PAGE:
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Jordan, Mosina H. (1943- )

In 1995, career Foreign Service Officer Mosina H. Jordan was nominated by President Bill Clinton to serve as ambassador to the Central African Republic (CAR). After U.S. Senate confirmation she arrived in Bangui, the capital of the Central African Republic and presented her credentials on November 29, 1995.  

Mosina Jordan was born in Daytona Beach, Florida in 1943, to Frank Montero and Alice Mann.  In 1964, she graduated with a Bachelor’s degree in Social Work from New York University. After she earned her Juris Doctorate from American University in 1973, Jordan became a civil servant, working for the U.S. Senate Appropriations Committee, and for the Community Services Administration.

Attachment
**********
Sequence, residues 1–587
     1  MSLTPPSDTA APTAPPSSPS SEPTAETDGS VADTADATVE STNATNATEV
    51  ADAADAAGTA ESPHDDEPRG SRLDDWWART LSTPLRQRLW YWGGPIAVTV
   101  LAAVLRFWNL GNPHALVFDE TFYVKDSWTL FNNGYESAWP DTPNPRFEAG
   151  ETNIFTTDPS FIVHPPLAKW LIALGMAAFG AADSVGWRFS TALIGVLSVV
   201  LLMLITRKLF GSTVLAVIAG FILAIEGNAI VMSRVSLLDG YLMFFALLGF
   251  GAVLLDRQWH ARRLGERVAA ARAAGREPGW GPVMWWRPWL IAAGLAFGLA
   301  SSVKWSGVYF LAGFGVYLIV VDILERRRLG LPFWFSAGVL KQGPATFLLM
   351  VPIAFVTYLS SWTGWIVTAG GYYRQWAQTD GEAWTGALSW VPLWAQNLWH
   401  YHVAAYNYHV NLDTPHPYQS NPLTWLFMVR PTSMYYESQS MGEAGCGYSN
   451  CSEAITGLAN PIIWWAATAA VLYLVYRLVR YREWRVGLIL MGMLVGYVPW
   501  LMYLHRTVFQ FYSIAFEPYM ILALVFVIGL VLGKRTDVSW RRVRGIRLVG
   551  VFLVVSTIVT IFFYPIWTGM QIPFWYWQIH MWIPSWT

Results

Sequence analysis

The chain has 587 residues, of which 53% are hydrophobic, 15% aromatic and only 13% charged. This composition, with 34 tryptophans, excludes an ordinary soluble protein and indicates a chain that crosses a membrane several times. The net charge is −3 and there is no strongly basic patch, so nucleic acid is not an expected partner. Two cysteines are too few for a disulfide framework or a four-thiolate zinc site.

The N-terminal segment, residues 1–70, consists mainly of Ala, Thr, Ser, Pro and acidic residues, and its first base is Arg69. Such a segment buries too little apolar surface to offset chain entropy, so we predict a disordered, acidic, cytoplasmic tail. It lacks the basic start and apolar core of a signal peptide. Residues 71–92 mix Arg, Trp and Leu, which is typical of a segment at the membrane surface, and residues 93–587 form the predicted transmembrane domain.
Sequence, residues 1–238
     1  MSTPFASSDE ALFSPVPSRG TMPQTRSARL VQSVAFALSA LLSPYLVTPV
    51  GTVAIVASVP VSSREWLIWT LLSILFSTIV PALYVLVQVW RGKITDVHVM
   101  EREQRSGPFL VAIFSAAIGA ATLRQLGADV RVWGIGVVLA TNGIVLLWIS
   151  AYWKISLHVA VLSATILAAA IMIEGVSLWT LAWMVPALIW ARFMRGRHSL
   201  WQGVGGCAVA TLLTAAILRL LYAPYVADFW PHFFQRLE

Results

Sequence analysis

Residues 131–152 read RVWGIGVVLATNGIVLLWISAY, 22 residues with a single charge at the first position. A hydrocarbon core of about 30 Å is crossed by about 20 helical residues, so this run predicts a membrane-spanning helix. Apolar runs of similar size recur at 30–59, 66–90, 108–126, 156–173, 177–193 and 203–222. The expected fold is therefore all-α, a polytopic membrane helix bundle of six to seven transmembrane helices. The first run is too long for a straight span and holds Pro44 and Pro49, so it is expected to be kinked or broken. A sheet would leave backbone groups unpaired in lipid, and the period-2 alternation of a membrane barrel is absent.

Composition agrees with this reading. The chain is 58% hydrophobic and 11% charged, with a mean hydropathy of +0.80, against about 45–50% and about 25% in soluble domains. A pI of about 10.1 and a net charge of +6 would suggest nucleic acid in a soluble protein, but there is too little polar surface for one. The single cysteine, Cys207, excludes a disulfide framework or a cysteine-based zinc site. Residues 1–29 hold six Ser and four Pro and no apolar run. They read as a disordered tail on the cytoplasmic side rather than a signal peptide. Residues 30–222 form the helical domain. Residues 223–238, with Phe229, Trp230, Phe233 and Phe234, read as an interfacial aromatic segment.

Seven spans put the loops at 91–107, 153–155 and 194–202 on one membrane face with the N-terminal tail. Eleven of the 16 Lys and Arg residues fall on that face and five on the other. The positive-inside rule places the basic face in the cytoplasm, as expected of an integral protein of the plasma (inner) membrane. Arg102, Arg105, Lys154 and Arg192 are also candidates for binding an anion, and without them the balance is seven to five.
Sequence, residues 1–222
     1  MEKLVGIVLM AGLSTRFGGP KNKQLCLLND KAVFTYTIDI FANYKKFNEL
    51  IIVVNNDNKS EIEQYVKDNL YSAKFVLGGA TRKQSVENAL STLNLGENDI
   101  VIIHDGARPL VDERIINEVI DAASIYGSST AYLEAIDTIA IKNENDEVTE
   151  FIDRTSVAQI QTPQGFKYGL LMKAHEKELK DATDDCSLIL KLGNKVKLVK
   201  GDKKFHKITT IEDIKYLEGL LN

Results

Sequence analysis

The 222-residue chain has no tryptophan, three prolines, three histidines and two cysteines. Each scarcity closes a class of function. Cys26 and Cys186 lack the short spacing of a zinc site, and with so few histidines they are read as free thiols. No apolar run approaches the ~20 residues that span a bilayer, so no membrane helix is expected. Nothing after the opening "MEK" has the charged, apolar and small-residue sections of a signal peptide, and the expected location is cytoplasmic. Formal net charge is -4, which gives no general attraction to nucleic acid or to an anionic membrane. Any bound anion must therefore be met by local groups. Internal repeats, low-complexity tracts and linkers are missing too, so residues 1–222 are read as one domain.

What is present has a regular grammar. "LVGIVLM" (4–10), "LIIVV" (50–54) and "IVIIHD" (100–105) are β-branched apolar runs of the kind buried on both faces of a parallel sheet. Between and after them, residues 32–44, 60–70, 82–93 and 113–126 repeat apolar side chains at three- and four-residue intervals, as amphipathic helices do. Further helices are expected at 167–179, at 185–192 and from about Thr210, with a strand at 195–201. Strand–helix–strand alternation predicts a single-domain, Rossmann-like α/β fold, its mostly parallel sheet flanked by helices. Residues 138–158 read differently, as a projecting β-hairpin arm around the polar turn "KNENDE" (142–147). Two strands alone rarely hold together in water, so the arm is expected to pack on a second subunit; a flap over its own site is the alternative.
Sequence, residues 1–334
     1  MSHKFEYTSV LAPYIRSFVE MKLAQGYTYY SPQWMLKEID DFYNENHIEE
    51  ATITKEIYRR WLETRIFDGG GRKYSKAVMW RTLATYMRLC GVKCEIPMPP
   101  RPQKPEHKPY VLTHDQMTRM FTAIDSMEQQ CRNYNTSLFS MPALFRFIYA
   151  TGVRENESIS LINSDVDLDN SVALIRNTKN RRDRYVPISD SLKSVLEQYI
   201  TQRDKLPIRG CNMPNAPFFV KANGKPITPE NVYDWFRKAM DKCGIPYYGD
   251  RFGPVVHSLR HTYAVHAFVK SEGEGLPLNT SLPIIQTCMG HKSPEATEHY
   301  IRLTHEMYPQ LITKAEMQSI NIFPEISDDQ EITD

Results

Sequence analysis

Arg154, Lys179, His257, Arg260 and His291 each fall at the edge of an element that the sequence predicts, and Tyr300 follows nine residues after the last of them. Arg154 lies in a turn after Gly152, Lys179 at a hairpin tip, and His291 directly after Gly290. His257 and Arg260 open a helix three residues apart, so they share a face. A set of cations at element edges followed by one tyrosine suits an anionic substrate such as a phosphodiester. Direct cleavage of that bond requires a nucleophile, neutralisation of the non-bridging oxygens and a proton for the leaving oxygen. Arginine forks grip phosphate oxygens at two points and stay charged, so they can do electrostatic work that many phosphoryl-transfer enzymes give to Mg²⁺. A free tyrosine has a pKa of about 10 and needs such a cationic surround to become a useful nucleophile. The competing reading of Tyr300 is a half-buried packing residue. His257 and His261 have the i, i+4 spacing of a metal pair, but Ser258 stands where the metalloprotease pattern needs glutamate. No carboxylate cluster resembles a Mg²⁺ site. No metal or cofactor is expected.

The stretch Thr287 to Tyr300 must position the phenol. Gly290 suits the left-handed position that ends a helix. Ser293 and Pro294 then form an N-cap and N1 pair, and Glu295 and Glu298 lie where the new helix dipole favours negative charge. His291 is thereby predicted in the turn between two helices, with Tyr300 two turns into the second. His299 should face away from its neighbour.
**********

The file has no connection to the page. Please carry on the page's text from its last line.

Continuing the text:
In 1982, Jordan started her career with the U.S. Foreign Service as an Administrative Officer for Economic Programs for the United States Agency for International Development (USAID) in Washington, D.C. After working at USAID headquarters for seven years, she rose in rank to become a Senior Deputy Assistant Administrator.  Her first overseas experience came in 1989 when she served as a USAID Representative to Belize. From 1991 to 1995, Jordan supervised various USAID missions as Director for Regional Development in the Eastern Caribbean from an office in Bridgetown, Barbados. In this position, she directed a $24 million development program that promoted economic diversification, free trade, and legal reform for regional sustainability for seven Caribbean island nations.

In 1995, Jordan was appointed Ambassador to the Central African Republic (CAR). Her mission was to promote economic diversification, free market economic development, democracy, and human rights in a nation transitioning to democracy after decades of dictatorships. On May 21, 1996, this mission abruptly changed when CAR army soldiers staged a mutiny at the capital, Bangui, over unpaid wages. Jordan responded by closing the U.S. Embassy, and having her staff and other Americans safely evacuated to nearby Cameroon with the assistance of 35 U.S. Marines. The Embassy